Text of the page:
Here is Hill’s full statement from the May 1 DHA meeting:

Good evening. Tonight, I am here to speak to my own homeowners’ association and with neighbors who’ve expressed concern about the actions of the past weeks. I was happy to accept the offer to meet with you this evening. Though I know you would prefer I discuss other issues, I wanted to bring to you important work that has been underway for more than a year. Work that effects schools not just in our District 1, but throughout the County.

Before I give you an update of some key issues that I have been working on, I want to clarify that serving on a school Board is not the same as working within an organization or simply being a member of a group. To be efficient, and per the charter, the group has to operate as a unit.  Specifically, Board policies and procedures state that the Board Chair shall generally serve as the official spokesperson for the Board. Out of respect for this long-standing policy, I have not made official statements on behalf of the Board regarding personnel matters, nor will I.

I know you will be disappointed to hear what you already know – that I cannot and will not be discussing personnel matters, because personnel matters must be treated with the highest level of confidentiality. However, I do want to acknowledge the frustration with the lack of continuity of leadership in DeKalb County School District.  Part of this frustration is because there has only been one perspective that has been given, and that is the perspective given by our former superintendent.

Please rest assured, her termination was not a knee-jerk reaction that happened overnight.

This Board sat down with the Superintendent on repeated occasions to discuss the unmet needs, and I was hopeful there would be resolution. When I got to the point I didn’t see improvement necessary for our students and facilities, I felt it was time.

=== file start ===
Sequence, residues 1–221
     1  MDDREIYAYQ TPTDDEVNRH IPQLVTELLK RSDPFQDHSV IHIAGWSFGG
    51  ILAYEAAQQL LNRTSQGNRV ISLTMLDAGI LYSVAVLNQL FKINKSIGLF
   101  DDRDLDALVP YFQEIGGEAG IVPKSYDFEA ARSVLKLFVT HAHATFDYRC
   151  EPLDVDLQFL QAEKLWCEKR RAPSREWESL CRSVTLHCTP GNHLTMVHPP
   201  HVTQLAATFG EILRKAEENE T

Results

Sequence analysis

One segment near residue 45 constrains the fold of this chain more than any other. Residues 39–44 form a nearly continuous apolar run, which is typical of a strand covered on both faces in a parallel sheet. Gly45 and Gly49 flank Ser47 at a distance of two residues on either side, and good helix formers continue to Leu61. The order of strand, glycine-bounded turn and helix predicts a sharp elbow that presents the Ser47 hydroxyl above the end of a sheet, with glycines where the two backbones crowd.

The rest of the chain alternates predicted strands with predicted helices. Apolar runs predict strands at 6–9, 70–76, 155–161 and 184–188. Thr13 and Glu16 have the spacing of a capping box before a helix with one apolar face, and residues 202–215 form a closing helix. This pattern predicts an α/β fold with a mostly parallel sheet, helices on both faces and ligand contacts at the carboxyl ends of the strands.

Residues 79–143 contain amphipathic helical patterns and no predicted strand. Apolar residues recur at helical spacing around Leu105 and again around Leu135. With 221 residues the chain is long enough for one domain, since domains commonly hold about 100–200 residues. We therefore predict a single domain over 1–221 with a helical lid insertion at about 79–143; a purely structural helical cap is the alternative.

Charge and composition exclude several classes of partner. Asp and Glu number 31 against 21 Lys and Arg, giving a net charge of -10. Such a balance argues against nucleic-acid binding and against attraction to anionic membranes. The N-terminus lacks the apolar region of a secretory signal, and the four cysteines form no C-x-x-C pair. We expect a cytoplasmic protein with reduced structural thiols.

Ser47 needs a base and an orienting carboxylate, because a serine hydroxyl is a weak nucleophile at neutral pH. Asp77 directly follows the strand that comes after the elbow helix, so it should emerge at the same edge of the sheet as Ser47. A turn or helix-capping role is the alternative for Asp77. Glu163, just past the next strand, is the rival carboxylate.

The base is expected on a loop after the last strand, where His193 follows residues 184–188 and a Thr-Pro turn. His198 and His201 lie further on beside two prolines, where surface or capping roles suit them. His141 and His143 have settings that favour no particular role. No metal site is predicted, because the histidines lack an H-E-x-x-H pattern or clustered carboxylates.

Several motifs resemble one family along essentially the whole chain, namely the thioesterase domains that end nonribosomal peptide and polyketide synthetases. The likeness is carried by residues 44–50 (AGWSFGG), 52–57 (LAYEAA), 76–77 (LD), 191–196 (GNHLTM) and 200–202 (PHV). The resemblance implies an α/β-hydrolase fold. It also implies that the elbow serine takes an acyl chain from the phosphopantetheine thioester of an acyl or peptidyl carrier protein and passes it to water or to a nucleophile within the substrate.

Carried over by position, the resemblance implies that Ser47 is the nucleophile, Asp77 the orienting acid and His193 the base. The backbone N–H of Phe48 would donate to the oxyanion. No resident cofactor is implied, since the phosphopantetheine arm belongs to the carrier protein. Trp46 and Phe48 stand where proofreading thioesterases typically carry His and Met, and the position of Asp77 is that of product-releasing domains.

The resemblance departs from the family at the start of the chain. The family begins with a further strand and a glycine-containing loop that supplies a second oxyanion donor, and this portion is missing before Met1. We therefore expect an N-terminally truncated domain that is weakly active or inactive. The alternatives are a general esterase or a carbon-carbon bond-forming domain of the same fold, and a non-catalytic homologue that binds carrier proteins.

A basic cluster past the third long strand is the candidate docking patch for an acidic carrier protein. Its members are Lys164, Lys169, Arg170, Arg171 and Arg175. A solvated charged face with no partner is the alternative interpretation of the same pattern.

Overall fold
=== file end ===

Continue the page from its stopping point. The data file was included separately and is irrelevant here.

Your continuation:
I can also assure you more information will be forthcoming.


I would now like to provide an update on some key areas of from the past 16 months of my term.

Before I start, I want to warn everyone that I’m going to try and not move into “accountant-speak” and use too many terms or abbreviations. Much of what I’ve worked on during the past 16 months is technical and confusing enough.  My training as a forensic accountant and former certified fraud examiner fills my vocabulary with lots of terms that are not helpful unless you’re on a witness stand so I’m going to try and make this as free of jargon as I can.

Thank you for your patience in advance because we have to go into the weeds a little bit.

The first issue I want to discuss is ADA non-compliance across the entire District. Just a few months into my term, I became concerned about the liability related to the numerous non-compliance issues identified in the Perkins & Will Facility Condition Assessments (FCAs.)

As you probably know, the ADA – American’s with Disabilities Act – was enacted in the early 90’s with the goal of ensuring that those who suffer disabilities are allowed equal accommodated access to both employment and education.

In spring 2021, I spent the better part of two months reading through the FCAs and then an entire weekend leafing through thousands of pages in the FCAs to manually enter ADA non-compliance costs from the FCAs into excel to quantify the magnitude of the non-compliance. As an accountant, spreadsheets help me to translate long planning documents into workable plans.